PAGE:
A Guide to West Sweden

Sunset in Fjallbacka, West Sweden.
Sunset in Fjallbacka, West Sweden.

Guide and Photos by Andy Christian Castillo

The coast of West Sweden is a throwback to a quieter time forgotten by most of the Western world. This image is in Grenemad.
The coast of West Sweden is a throwback to a quieter time forgotten by most of the Western world. This image is in Grenemad.

You can find more information on specific regions in West Sweden here.

What’s West Sweden's draw?

I grew up in northeastern United States, Western Massachusetts, specifically. When I was young, my family and I would pack into the station wagon and drive up to Maine for vacations. We’d stay at The Carpenter’s Boat Shop, a boathouse that built handmade boats in Pemaquid.

Because of those experiences, and others as I’ve experienced as I grew older, I appreciate the coast of New England. At least in the off season, New England is quiet; its way of life is slower than it is inland, and the people reflect that way of life in that they seem a little more peaceful.

West Sweden is the same: As an American, I find the region very similar to New England.

What makes West Sweden unique is its distinctly nordic culture, and rugged coastal landscape. Also, the wind -- both times I’ve been to the coast, a strong wind has been blowing. In my writing elsewhere, that detail has provided me with a lot of inspiration.

A rugged, industrial place

The car brand Volvo, made in Sweden is a great microcosm of the region as a whole: I toured Volvo's Gothenburg factory while writing for the Volvo Overseas Delivery Program, which provides new-car buyers with round-trip plane tickets, a night in a hotel, factory tour and then a few weeks around Europe with their new car, before it’s shipped home overseas.

Around the plant, the city included, everything is Volvo, everywhere you go. It’s a thriving place of industry -- huge ships moving in and out of port, businessmen and women hurrying past. When the city was built, the designers wanted the city to remain a car city; thus, cars are everywhere.

Gothenburg: An overview

For those seeking more of a city experience, Gothenburg, presiding as the central hub for the entire region, is close by and provides just about everything in a city you could want. It’s got culture, arts, food and adventure. The city itself has about a half-million people, and the surrounding metropolis houses around one million people.

It’s on the coast toward the lower part of Sweden -- not too big, not too small: think Boston.

Accessibility

Aside from cars, Gothenburg has a pretty great public transportation system, boasting classic blue street cars, with which I’m enamored with every time I see them. They’re a beautiful color, and stand out brightly against the city’s beautiful architecture and cobblestone streets.

Gothenburg, Sweden at sunset.
Gothenburg, Sweden at sunset.

It’s a very easy city to walk, there are a few main streets which run straight through the city. I never had trouble finding my way around, and never got lost.

Trains can bring you out of the city from Gothenburg Central Station. In the more sparsely populated areas, there are buses.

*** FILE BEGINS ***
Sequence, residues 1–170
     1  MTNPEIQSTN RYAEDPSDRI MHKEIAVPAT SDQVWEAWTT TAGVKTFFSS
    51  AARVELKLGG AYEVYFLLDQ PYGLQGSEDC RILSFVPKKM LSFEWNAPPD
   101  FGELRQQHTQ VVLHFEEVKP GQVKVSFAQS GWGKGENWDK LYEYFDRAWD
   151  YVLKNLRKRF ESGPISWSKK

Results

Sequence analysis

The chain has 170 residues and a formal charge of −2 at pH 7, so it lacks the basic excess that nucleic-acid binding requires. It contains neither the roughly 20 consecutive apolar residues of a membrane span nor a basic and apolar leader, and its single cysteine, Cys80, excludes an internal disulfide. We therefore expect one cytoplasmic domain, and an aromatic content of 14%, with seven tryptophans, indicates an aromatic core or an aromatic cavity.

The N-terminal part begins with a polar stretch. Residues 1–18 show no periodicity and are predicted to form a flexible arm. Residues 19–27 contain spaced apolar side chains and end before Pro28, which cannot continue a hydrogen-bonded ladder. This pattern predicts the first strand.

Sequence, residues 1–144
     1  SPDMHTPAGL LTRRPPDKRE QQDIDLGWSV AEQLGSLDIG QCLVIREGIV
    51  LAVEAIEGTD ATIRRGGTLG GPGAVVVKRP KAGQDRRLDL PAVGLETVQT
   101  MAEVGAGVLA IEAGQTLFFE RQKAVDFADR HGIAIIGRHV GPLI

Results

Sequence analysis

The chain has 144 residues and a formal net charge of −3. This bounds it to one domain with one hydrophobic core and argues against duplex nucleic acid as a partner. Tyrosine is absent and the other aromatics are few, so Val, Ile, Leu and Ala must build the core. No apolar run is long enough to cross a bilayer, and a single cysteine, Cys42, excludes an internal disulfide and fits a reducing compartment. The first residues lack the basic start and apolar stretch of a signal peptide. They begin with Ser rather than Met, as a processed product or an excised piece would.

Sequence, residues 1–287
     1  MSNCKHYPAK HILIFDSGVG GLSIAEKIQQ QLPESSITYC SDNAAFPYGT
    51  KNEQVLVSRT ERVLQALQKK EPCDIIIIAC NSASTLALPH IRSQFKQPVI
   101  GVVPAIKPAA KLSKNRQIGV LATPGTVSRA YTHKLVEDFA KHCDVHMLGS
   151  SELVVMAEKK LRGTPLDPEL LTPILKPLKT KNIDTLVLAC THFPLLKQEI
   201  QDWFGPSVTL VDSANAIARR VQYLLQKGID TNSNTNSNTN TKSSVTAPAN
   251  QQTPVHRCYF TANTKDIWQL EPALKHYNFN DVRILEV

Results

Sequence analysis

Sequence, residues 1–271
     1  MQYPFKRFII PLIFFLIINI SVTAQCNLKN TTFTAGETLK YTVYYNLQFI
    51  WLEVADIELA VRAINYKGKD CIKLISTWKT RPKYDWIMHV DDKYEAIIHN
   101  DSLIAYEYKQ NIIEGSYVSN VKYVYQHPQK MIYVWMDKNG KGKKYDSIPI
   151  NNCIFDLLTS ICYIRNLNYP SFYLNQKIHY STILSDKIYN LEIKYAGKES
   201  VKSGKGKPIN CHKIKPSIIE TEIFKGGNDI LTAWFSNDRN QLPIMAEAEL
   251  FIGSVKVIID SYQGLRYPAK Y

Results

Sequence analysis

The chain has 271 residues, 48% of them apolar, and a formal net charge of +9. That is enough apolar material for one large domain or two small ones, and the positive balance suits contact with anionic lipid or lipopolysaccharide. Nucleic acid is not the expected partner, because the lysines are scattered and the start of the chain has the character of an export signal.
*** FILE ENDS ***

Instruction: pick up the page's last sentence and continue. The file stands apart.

Further outside the city, about 20 or 25 minutes toward the coast, there’s a ferry system by which you can access Gothenburg’s archipelago -- on the islands, most of which are bicycle-only, you’ll have to walk or rent a bike.

As for where to stay, you can get a hostel for $25 on the low end, and of course there are a lot of upper class places too, such as Clarion Post Hotel, in the heart of the city.

Things to do

There’s a lot of things to do in Gothenburg, including a great arts scene, a lot of museums and tours -- I took one particular tour driving a 1950’s Volvo through the heart of the city, which was pretty cool.  There’s an amusement park as well, and a lot of great food -- and a craft beer scene, which greatly appealed to me. However, I most enjoyed just wandering around with a camera. It’s a great wandering city; there’s a lot to see and it’s easy to navigate.

Waiting for the tram in Gothenburg, Sweden.
Waiting for the tram in Gothenburg, Sweden.
When I went the second time, I was with my girlfriend, Brianna. We rented stand-up paddle boards and paddled, starting from about five miles away, down a river into the city.

The food is great, and very diverse. There are so many great, trendy restaurants downtown and also on the outskirts. Gothenburg has a few smaller sections in it, including Majorna, that provides great offerings as well.

My takeaway

Gothenburg is a city you definitely have to see in your lifetime. I gauge my interest of a new place by how quickly I can encapsulate it in a few words. For instance, Amsterdam is a “melting pot,” New York is “overwhelming,” and London is “chic.” To me, I Gothenburg is “trendy” -- there’s great food, it’s very accessible, stylish, and there are just so many great, intentional design elements to it, such as the blue street cars and cobblestone streets.

Dalsland: An overview

We hiked up to an overlook at Dalsland Activity Center, before staying the night in a teepee.
We hiked up to an overlook at Dalsland Activity Center, before staying the night in a teepee.